Body slamming and bolt-back behavior: Characterizing embiopterans
E. Taylor Kelly, Tom Libby
Faculty Mentor: Janice Edgerly-Rooks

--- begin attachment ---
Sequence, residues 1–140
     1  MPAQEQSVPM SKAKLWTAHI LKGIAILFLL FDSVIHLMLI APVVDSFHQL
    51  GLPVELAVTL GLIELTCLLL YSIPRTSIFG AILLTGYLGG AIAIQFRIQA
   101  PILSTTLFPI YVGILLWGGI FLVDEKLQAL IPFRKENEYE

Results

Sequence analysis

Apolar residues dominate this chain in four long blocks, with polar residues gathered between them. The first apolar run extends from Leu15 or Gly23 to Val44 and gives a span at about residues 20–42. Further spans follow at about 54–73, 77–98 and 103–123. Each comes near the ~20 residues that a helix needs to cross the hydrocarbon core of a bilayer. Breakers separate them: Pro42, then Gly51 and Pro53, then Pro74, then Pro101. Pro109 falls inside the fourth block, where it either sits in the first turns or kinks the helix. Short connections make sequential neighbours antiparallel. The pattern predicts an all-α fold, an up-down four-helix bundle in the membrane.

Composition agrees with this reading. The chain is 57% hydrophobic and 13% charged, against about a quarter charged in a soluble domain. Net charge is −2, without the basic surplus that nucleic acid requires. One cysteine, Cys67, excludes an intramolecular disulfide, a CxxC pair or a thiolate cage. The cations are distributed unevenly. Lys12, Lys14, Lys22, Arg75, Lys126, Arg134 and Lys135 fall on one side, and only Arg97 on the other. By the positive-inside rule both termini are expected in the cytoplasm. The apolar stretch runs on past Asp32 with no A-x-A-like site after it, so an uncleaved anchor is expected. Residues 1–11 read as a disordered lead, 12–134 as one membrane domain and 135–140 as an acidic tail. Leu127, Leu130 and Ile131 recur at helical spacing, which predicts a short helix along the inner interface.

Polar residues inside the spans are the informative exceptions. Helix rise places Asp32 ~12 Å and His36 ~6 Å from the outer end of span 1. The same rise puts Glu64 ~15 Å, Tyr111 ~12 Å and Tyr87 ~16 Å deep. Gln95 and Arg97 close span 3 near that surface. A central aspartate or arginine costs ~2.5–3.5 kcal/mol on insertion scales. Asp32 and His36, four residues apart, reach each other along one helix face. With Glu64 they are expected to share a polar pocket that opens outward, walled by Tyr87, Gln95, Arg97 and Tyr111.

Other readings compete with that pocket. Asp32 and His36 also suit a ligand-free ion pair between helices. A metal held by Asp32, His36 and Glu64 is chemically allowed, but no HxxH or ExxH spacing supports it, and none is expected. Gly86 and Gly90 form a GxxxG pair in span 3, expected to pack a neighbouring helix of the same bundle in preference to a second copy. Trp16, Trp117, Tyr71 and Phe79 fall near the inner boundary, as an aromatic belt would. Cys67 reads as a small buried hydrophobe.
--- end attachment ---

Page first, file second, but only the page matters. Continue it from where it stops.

Large tropical embiopterans, such as Antipaluria urichi (Embioptera: Clothodidae), live in colonies of mothers alongside their offspring and spin copious silk on bark where they graze on lichens. They lack a tough cuticle but in its place, a flexible body capable of tight U-turns and rapid backwards locomotion, which allows them to retreat into their silk domiciles. When dispersing females are threatened, they quickly bolt backwards. Our experiment analyzed their unique backwards run and our research aim was to characterize this method of locomotion. Adult females were challenged with touches to their abdomen, mid-thorax and head; speed and direction of the run were calculated and a detailed analysis of the gait and body kinematics of runners were recorded using a high-speed camera. Videography revealed they utilize an alternating tripod gait typical of hexapods. Interestingly, backwards runners frequently had their thorax slam down against the substrate; the faster they ran, the greater the frequency of body slamming. The embiopteran body plan, with short legs and modified front tarsi, appears ill suited for rapid running, though backwards running may actually help them negotiate their extreme locomotor constraints.